Every Four Years, A Golden Opportunity for Revenue Enhancement
November 8, 2016 will likely be a triumphant day for Californians who believe individuals, households, and businesses aren’t giving enough of their money to the government.
The recent deliberation and turmoil in the California legislature about tax increases will be handed off to voters, who will make quick decisions based primarily on deceptive ballot titles. Meanwhile, as many as 150 local K-12 school and community college districts will ask voters for authorization to borrow money for construction via bond sales. In addition, voters will get to consider local parcel taxes, utility taxes, transportation taxes, San Francisco Bay Restoration taxes – all sorts of taxes.
Why is this election going to be so special? Political consultants assume that Californians inspired to vote because of the historic candidacy of Hillary Clinton for President will extend their excitement to the approval of taxes, borrowing, and spending farther down the ballot.
This assumption is based on performance of bond measures and proposed tax increases in the past two presidential general elections. If the 2008 presidential general election resulted in 53% approval for the state to borrow $9.95 billion for high-speed rail, surely the 2016 presidential general election will bring more miracles of modern democracy.
Believe it or not, one statewide bond measure is already eligible for the November 2016 ballot.
Give the Children Another $17.6 Billion in Debt
Unless a deal is made at the Capitol to obtain the money some other way, you’ll be voting in November 2016 on a proposal for the State of California to borrow $9 billion via bond sales for educational facility construction. Last week, the California Secretary of State confirmed that a coalition of construction companies and organizations had collected enough petition signatures to put this bond measure on the ballot.
This $9 billion is meant to ensure that “K-14 facilities are constructed and maintained in safe, secure and peaceful conditions.” A more obscure amount is the additional $8.6 billion that the state will pay to bond investors as interest on the borrowed money.
Here’s the fiscal analysis from the California Legislative Analyst’s Office: “The state would likely issue these bonds over a period of about five years and make principal and interest payments from the state’s General Fund over a period of about 35 years. If the bonds were sold at an average interest rate of 5 percent, the cost would be $17.6 billion to pay off both principal ($9 billion) and interest ($8.6 billion).”
That’s just the first statewide bond measure qualified for the November 2016 ballot. On the local level, expect an unprecedented number of bond measures and proposed tax increases.
Watch Your Local Government Agendas
Have you looked at the recent meeting agendas for your local government boards and councils? Right now local governments throughout California are adopting vague contracts for “feasibility studies” or “surveys.” This kind of research comprises an early step in preparing a campaign for a bond measure or proposed tax increase. And yes, local governments can legally use public money to pay for it.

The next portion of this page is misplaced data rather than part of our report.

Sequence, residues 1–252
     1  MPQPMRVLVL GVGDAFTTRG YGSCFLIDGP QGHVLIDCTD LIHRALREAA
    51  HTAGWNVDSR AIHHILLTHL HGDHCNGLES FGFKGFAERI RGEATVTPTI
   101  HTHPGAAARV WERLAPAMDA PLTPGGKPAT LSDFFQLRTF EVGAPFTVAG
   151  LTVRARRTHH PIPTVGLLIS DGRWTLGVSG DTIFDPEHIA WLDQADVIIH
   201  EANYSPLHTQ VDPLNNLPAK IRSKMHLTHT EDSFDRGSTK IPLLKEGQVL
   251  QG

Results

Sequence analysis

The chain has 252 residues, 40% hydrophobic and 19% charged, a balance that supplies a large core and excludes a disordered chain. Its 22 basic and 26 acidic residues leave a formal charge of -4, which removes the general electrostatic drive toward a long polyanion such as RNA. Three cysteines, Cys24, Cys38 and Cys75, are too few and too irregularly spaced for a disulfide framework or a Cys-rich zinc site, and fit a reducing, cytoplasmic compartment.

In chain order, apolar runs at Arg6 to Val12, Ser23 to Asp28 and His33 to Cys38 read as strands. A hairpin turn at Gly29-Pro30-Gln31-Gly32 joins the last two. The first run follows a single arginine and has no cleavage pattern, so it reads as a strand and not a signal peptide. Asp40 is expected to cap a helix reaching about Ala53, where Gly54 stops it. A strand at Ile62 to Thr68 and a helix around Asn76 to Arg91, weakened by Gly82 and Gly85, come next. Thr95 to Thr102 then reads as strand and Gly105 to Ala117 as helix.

When campaign mailers and phone banks bombard your household in October 2016 promoting wonderful things on the ballot, realize that consultants had been working for more than a year with taxpayer funding to develop an effective message aimed at voters.
The Time Is Now to Analyze and Plan for These Bond Measures and Proposed Tax Increases
As bond measures and proposed tax increases start accumulating for the November 2016 ballot, Californians need to ask some analytical questions.
For example, is it a wise decision to authorize the state to borrow another $9 billion for educational construction, considering that since 2001 voters have approved the state and local school and community college districts to borrow a total of $146 billion for facilities construction? Should $17.6 billion be added to the $200 billion in existing bond debt for school construction? Do the increasing number of abuses and scandals involving school and community college district construction programs indicate an urgent need to revamp old laws concerning bond finance and construction contracts?
On the local level, it’s obvious that in recent years many proposed bond measures for school districts have not been considered in the context of past and projected enrollment declines. Nor has any attention been paid to the debt that still needs to be paid off from previous bond measures. Should these conditions matter?
Some state and local bond measures and tax increases proposed for the November 2016 election may be reasonable and justified. But the time to evaluate these proposals, make a judgement in the public interest, and prepare for the November 2016 election needs to begin now. September 2016 will be too late to make a difference.
Kevin Dayton is the President & CEO of Labor Issues Solutions, LLC, and is the author of frequent postings about generally unreported California state and local policy issues at www.laborissuessolutions.com. Follow him on Twitter at @DaytonPubPolicy.